Oh, hey, romance genre! I haven’t read you in…what’s it been?…gosh, it must be 14 years if it’s been a day!
The last romance novel I read was in grad school for a class on young adult literature. It was a true bodice ripper, set in ye ol’ fantasy times. I’ve never been a romance fan. Except for Twilight. Except for Pride and Prejudice. Except for those X-Files Mulder/Scully slash fanfic stories.
Okay, so I’m more game for the genre than I’d like to admit I am.
Enter NetGalley, where I’m invited to read hundreds of titles before or soon after they’re published. For free. Or rather, for an honest review. Like 1/3 of these offerings are romance novels. So I figured I’d check one out. That lucky novel was Darkness Falls (Reveler #1) by Erin Kellison, and I was happily surprised by it.
Imagine if Inception were a romance novel. *cue Inception sound* See, it’s already got you. So, no joke, the premise here is that shared dreaming has become a major entertainment, but like with all hot commodities, it’s being exploited. To combat the abuse of Rêve (the shared dreamspace), there are something akin to FBI agents who travel across dream boundaries to bring in the dream criminals. Our hot, rough around the edges bad boy is one of these agents, damaged from years of dreaming psychopaths’ nightmares. Plus he’s got a special nightmare of his own that he can barely keep at bay. Our hot, feminine but strong protagonist is a Rêve newbie with unimaginable raw talent for lucid dreaming. Bad boy wants to recruit her to the good side. Others want to use her talents for crime. She doesn’t know who to trust. But DAMN is that bad boy electric!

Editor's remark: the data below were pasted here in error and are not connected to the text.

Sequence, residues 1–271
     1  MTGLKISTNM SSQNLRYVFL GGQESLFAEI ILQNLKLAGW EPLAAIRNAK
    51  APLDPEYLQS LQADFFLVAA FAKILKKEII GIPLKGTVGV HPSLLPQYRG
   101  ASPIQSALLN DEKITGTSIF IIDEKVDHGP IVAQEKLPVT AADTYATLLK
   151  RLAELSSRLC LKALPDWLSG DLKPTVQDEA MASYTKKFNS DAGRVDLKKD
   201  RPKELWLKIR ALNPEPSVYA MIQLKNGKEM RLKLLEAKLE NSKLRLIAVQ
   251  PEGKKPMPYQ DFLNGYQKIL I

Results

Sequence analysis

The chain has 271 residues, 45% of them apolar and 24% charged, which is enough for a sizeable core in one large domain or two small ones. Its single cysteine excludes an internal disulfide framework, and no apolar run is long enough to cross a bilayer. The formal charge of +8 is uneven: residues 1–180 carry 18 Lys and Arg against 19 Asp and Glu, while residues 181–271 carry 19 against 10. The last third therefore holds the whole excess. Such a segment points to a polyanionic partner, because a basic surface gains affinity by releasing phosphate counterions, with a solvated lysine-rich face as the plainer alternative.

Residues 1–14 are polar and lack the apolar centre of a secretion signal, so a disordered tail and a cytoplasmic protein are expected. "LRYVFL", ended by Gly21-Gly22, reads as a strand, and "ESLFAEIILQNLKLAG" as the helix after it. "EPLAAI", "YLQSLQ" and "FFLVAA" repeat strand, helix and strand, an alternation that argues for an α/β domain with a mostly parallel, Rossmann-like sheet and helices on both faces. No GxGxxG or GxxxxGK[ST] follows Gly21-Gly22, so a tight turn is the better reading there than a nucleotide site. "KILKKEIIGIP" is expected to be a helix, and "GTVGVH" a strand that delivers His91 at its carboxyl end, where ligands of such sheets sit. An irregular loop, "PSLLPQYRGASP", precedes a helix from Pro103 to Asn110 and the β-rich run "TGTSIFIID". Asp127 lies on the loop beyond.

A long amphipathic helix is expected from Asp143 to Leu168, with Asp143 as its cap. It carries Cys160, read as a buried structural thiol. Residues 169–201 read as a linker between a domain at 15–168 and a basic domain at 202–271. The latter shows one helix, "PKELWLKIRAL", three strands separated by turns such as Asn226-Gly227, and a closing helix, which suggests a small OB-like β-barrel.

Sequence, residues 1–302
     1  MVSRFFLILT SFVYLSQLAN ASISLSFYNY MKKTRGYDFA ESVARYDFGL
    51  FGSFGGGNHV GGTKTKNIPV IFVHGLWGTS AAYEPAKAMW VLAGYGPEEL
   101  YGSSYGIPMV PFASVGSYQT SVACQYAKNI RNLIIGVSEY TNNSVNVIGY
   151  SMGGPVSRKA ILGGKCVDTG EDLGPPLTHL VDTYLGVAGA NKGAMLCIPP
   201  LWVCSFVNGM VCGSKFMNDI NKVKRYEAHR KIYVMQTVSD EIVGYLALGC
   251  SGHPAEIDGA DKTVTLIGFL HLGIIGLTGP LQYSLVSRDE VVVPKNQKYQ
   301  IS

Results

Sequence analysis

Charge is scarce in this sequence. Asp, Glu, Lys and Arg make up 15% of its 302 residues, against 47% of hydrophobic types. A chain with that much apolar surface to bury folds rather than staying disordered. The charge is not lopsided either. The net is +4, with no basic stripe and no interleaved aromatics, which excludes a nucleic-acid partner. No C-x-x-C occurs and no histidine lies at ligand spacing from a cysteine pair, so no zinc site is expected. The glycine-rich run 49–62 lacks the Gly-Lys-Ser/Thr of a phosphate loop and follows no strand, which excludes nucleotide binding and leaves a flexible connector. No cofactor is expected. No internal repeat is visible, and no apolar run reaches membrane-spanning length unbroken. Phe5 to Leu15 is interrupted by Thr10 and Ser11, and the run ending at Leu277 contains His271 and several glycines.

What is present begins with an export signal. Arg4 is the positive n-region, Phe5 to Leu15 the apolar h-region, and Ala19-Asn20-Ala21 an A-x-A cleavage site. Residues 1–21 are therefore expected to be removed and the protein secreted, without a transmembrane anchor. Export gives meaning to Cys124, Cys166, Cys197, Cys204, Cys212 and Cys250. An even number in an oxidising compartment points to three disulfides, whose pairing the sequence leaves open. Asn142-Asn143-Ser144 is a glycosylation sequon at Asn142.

The book reads incredibly fast. It’ll get its hook in and not let go till the end. (I think that’s one of the draws of romance novels.) I flew through it in only a few hours.
I liked that the novel uses a shifting third-person semi-omniscient narrator. Part of the time, it was with our bad boy, Malcolm Rook, and part of the time, it was with Jordan Lane, our lead lady. There was no forced assumptions based on perspective, ala Pride and Prejudice and then reworked in Twilight. And my prior experience with romance novels almost exclusively sticks with the woman.
Jordan is a bit of a Mary Sue, but that’s better than her being some wilting damsel in distress, I suppose. Any Princessiness is of the Leia variety.
I also liked that the world they navigated their hot bodies through was actually interesting. The Rêve set-up kept me interested, even when they weren’t mid-fondle.
This is the first of the series, and it does end with a clear path to the next part of the Rêve adventure, but it also ends with a satisfying closure to one particular character conflict.
Pretty sure I’ll be seeking out Revelers #2, even if I don’t become a wider reader of the romance genre.